ICD-10 Diagnosis Code S30.862D

Insect bite (nonvenomous) of penis, subsequent encounter

Diagnosis Code S30.862D

ICD-10: S30.862D
Short Description: Insect bite (nonvenomous) of penis, subsequent encounter
Long Description: Insect bite (nonvenomous) of penis, subsequent encounter
This is the 2018 version of the ICD-10-CM diagnosis code S30.862D

Valid for Submission
The code S30.862D is valid for submission for HIPAA-covered transactions.

Code Classification
  • Injury, poisoning and certain other consequences of external causes (S00–T98)
    • Injuries to the abdomen, lower back, lumbar spine, pelvis and external genitals (S30-S39)
      • Superfic inj abdomen, low back, pelvis and external genitals (S30)

Information for Medical Professionals


Code Edits
The following edits are applicable to this code:
Diagnoses for males only Additional informationCallout TooltipDiagnoses for males only
Diagnoses for males only.


Diagnostic Related Groups
The diagnosis code S30.862D is grouped in the following Diagnostic Related Group(s) (MS-DRG V34.0)

  • 949 - AFTERCARE WITH CC/MCC
  • 950 - AFTERCARE WITHOUT CC/MCC

Convert to ICD-9 Additional informationCallout TooltipGeneral Equivalence Map
The ICD-10 and ICD-9 GEMs are used to facilitate linking between the diagnosis codes in ICD-9-CM and the new ICD-10-CM code set. The GEMs are the raw material from which providers, health information vendors and payers can derive specific applied mappings to meet their needs.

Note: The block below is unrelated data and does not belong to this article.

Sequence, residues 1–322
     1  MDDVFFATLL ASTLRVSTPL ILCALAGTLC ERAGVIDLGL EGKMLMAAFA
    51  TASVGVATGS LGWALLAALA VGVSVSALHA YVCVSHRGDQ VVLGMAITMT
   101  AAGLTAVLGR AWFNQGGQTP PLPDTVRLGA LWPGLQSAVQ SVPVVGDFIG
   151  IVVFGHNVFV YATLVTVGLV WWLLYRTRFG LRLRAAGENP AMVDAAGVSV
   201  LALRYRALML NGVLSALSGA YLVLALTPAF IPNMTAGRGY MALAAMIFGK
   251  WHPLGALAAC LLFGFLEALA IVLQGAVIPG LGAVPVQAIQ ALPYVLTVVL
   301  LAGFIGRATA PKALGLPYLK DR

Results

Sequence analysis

Present on Admission (POA) Additional informationCallout TooltipPresent on Admission
The Present on Admission (POA) indicator is used for diagnosis codes included in claims involving inpatient admissions to general acute care hospitals. POA indicators must be reported to CMS on each claim to facilitate the grouping of diagnoses codes into the proper Diagnostic Related Groups (DRG). CMS publishes a listing of specific diagnosis codes that are exempt from the POA reporting requirement.

The code S30.862D is exempt from POA reporting.

Synonyms
  • Animal bite of genitalia
  • Animal bite of perineum
  • Infected insect bite of genitalia
  • Infected insect bite of pelvic region
  • Insect bite of genitalia
  • Insect bite, nonvenomous, of penis
  • Insect bite, nonvenomous, of perineum
  • Insect bite, nonvenomous, of perineum
  • Insect bite, nonvenomous, of perineum
  • Nonvenomous insect bite of penis with infection
  • Nonvenomous insect bite of penis without infection
  • Nonvenomous insect bite of perineum with infection
  • Nonvenomous insect bite of perineum without infection
  • Superficial injury of penis
  • Superficial injury of penis with infection
  • Superficial injury of perineum with infection

Information for Patients


Insect Bites and Stings

Also called: Bug bites

Most insect bites are harmless, though they sometimes cause discomfort. Bee, wasp, and hornet stings and fire ant bites usually hurt. Mosquito and flea bites usually itch. Insects can also spread diseases. In the United States, some mosquitoes spread West Nile virus. Travelers outside the United States may be at risk for malaria and other infections.

To prevent insect bites and their complications

  • Don't bother insects
  • Use insect repellant
  • Wear protective clothing
  • Be careful when you eat outside because food attracts insects
  • If you know you have severe allergic reactions to insect bites and stings (such as anaphylaxis), carry an emergency epinephrine kit

  • Anaphylaxis (Medical Encyclopedia)
  • Bee poison (Medical Encyclopedia)
  • Fire ants (Medical Encyclopedia)
  • Fleas (Medical Encyclopedia)
  • Insect bites and stings (Medical Encyclopedia)
  • Wasp sting (Medical Encyclopedia)


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